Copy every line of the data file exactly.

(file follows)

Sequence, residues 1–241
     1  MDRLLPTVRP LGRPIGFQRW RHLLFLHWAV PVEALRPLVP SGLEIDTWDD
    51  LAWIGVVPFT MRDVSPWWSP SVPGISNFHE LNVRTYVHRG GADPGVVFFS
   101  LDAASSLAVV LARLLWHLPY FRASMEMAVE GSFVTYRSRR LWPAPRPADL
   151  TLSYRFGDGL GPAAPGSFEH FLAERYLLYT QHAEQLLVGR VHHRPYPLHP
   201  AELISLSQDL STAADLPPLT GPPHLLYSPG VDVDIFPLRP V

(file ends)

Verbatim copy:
Sequence, residues 1–241
     1  MDRLLPTVRP LGRPIGFQRW RHLLFLHWAV PVEALRPLVP SGLEIDTWDD
    51  LAWIGVVPFT MRDVSPWWSP SVPGISNFHE LNVRTYVHRG GADPGVVFFS
   101  LDAASSLAVV LARLLWHLPY FRASMEMAVE GSFVTYRSRR LWPAPRPADL
   151  TLSYRFGDGL GPAAPGSFEH FLAERYLLYT QHAEQLLVGR VHHRPYPLHP
   201  AELISLSQDL STAADLPPLT GPPHLLYSPG VDVDIFPLRP V